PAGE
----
We are pleased to announce our new programming partner, Rebuild Foundation, a platform for art, cultural development, and neighborhood transformation. Founded and led by artist Theaster Gates, Rebuild supports artists and strengthens communities by providing free arts programming, creating new cultural amenities, and developing affordable housing, studio, and live-work space.
In partnership with Rebuild Foundation, 826CHI is hosting "Writing Through the Unthinkable: Spaces of Change," a multi-part writing workshop for people ages 14+ at the Stony Island Arts Bank April 2nd-23rd. The workshops are open to all, regardless of writing experience. These workshops will use objects curated from the Arts Bank collections for investigations of race, past and present, material culture, and the act of preserving painful objects. Pulling from the long tradition of arts and literature as vehicles for protest and healing, such as the Black Arts Movement and Black Lives Matter, these workshops center creativity as a method of restorative justice. These workshops are free and open to all people 14+ who are interested in a deep exploration of these topics.
The workshop is free, but registration is required. Please fill out the application here. We strongly encourage that you attend all workshops. However, if there are 1-2 sessions you cannot make, we would still love you to join us. Refreshments and snacks will be provided at each workshop session.
Session 1 – Ed J Williams Collection
Tuesday, April 2, 6-7PM
Stony Island Arts Bank
The Edward J Williams Collection at Stony Island Arts Bank holds 4,000 objects of “negrobilia”—mass cultural objects and artifacts that feature stereotypical images of black people. This workshop invites participants to investigate these objects, interrogate their purpose and meaning, and write as a way of collecting. Participants will be asked to think of what objects they would like to “own” and will learn creative writing techniques that will help them write about these objects.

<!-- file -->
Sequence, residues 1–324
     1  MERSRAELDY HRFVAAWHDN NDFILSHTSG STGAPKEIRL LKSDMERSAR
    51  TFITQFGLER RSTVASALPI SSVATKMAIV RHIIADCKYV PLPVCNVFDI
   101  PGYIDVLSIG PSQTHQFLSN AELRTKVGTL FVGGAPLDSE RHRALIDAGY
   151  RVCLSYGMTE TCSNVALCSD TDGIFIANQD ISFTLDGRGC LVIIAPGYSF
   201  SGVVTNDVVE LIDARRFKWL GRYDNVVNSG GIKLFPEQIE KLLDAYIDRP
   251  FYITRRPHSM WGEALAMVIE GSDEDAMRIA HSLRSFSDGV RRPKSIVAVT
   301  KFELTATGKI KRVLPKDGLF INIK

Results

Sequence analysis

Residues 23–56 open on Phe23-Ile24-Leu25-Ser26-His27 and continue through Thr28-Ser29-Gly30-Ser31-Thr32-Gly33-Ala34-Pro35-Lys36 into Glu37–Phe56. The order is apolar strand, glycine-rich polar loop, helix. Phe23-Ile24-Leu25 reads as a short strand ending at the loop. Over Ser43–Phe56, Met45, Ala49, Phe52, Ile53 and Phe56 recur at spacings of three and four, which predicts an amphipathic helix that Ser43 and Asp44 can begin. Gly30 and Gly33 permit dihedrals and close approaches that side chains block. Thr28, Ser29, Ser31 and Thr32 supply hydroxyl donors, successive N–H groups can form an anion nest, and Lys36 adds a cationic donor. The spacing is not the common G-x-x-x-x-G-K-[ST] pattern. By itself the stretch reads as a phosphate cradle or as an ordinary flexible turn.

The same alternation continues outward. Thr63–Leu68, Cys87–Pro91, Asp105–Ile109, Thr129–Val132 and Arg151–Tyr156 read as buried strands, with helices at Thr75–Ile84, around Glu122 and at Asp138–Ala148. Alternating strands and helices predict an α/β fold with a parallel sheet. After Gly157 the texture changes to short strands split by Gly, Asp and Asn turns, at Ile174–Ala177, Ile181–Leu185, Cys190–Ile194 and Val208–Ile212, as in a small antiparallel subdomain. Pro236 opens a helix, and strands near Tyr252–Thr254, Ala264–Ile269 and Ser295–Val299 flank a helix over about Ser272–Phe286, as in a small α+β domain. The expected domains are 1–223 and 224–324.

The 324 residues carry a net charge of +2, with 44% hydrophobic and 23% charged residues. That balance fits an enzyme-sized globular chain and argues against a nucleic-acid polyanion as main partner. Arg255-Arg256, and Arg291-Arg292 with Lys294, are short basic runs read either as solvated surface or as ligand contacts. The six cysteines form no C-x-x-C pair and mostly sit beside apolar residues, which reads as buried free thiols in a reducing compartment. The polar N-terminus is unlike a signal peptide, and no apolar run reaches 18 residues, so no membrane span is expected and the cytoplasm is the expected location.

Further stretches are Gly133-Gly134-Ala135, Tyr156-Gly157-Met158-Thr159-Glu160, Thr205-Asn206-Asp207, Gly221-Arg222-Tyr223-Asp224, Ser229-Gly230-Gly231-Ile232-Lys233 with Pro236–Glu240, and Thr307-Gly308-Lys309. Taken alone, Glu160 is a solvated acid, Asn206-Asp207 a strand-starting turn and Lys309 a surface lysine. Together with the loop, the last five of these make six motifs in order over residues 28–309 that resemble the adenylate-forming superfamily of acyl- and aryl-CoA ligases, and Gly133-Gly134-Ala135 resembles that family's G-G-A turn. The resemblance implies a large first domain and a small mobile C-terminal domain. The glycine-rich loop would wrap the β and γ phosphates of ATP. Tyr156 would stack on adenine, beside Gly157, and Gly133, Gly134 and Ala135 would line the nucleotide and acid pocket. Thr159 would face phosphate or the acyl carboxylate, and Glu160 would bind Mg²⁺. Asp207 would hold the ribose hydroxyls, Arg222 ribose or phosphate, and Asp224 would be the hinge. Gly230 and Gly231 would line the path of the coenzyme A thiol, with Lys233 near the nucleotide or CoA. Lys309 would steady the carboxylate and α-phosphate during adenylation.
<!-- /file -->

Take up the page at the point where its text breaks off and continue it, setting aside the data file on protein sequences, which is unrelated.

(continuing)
Session 2 – Tamir Rice Gazebo
Dorchester Art & Housing Collaborative, 3:30-5:30PM
Tuesday, April 9
Tuesday, April 16
Tuesday, April 23* (*This session will be held at the Stony Island Arts Bank.)
In the Fall of 2016, Rebuild Foundation received the Gazebo from the Cudell Recreation Center in Cleveland, Ohio, where twelve-year-old Tamir Rice was murdered by the Cleveland Police. Samaria Rice, Tamir’s mother, intends to preserve the structure as a place for care, public interaction and engagement. In this workshop, participants will take part in conversations that will cover questions such as the gazebo’s meaning, it’s placement in Chicago, and it’s connection to other acts of police brutality. We will write letters to Tamir Rice and anyone else who has suffered from oppression. These letters will be buried in the ground that the gazebo occupies on plantable paper. Once they have been planted and the ground has been watered, the seeds that are enmeshed in the paper will bloom flowers, creating new joy and life for the unjust passing of Tamir.
We hope you'll join us at the Stony Island Arts Bank in March for this four-part workshop, as we're anticipating a rich discussion between teens and adults on the role of art in restorative justice. Register today, and add your voice to the conversation.